The Birthday Cake
Reviewed for Shockya.com by Abe Friedtanzer
Director: Jimmy Giannopoulos
Writer: Jimmy Giannopoulos, Diomedes Raul Bermudez, and Shiloh Fernandez
Cast: Shiloh Fernandez, Ewan McGregor, Val Kilmer, Lorraine Bracco, Ashley Benson, Aldis Hodge, Penn Badgley, Emory Cohen, Vincent Pastore, Jeremy Allen White
Screened at: Blu-ray, LA, 7/11/21
Opens: June 18th, 2021 / July 27th, 2021 (DVD & Blu-ray)
Being in the mob is a dangerous business. Not only does it tend to involve criminals and the many crimes they commit, there is a culture of secrecy and protectiveness that exists when law enforcement gets involved. The Sopranos taught television audiences what happens to those who turn against their brothers and sisters, and how even the most off-the-record, no-paper-trail operation inevitably gets exposed. Even and especially if someone has opted not to pursue that lifestyle, there may be no escaping a world that doesn’t like to let people go.
Gio (Shiloh Fernandez) lost his father under mysterious circumstances ten years ago, and as a result is even closer with his mother, Sofia (Lorraine Bracco). As the tenth anniversary of his unexplained death arrives, Gio is tasked with a seemingly simple assignment from Sofia: to bring a cake to Uncle Angelo (Val Kilmer), a mob boss. Things aren’t quite that cut-and-dry, as Gio finds himself tangled up in a mess that involves the missing Leo (Emory Cohen), who everybody wants to find, a corrupt cop (William Fichtner), a priest (Ewan McGregor), and a whole host of characters eager to pay respects to Gio regarding his loss and just as likely to try to kill him.
Watching this movie is surely enhanced by a knowledge of the gangster genre, namely the fact that people almost always have ulterior motives, and what they say usually contradicts what they mean, particularly if it has to do with letting something go or accepting an objection or excuse. The above reference to The Sopranos is relevant in part because two actors who will forever be associated with their roles on that show – Bracco and Vincent Pastore – appear here and confirm that this mafia world is very much like the mafia world of that show, with the same penchant for betrayal and a shoot-first, chop up the body, then think about asking questions attitude.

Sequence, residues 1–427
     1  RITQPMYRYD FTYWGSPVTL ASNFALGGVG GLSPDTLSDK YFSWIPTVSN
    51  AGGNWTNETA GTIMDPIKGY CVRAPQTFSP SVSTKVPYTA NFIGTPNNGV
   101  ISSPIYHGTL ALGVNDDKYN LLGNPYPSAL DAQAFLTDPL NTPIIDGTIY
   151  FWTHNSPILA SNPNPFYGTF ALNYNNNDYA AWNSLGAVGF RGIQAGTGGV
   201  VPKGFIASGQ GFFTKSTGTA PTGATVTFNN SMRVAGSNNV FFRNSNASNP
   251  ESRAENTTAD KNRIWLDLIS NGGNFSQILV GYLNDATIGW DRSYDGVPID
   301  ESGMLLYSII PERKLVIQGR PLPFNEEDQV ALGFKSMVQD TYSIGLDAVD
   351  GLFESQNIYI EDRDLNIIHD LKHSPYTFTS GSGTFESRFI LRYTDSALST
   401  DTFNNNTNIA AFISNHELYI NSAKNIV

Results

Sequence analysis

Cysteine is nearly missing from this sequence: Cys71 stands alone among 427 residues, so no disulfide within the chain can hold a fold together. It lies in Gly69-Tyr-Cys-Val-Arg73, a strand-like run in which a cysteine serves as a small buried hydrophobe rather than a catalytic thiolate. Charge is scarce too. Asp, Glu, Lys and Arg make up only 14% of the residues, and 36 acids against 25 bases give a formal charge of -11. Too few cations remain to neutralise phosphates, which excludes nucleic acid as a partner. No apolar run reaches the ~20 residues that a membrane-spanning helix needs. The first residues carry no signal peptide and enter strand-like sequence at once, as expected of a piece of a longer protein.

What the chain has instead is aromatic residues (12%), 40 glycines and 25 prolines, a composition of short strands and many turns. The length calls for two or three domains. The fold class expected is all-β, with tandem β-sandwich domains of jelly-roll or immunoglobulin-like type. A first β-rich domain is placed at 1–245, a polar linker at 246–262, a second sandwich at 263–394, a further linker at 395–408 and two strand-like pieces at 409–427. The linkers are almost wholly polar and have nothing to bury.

There is an embarrassment of talent in this cast, and while it’s great to see such fine actors, there’s not necessarily all that much for them to do. Fernandez gets the most screen time, playing the commonly-featured outsider who’s spent too much time on the inside to really ever be able to leave this community. Kilmer gets a juicy role, one that finds his intimidating mobster speaking through a voice box, as does Fichtner, who is typically excellent but also underused. John Magaro is preparing well for a prominent role in the upcoming Sopranos prequel, The Many Saints of Newark, and a number of other performers, including Penn Badgley, Emory Cohen, Aldis Hodge, and the always superb Jeremy Allen White, have small but impactful parts. Luis Guzmán also makes an impression in just one scene, emphasizing how overstuffed this cast is for a film that runs barely more than ninety minutes.
Ultimately, this is a film mostly about its protagonist and his dual existence. Bracco, as a result, gets a prime showcase as his mother, and though she played the most prominent character not in either Tony Soprano’s family or in the mob on the hit show, she’s a great fit to play the part of the mob wife who knows her true power, as if her character has learned from her previous experience in The Sopranos and her Oscar-nominated role as Karen Hill in Goodfellas. Just as she comes in with that knowledge, so too does this film in the world that it sets up, one that’s exceedingly familiar and not too original. For those who truly enjoy the genre, it’s a worthwhile watch, but casual viewers will likely find it to be a standard and forgettable blood-soaked ride.
Story – B-
Acting – B
Technical – B
Overall – B-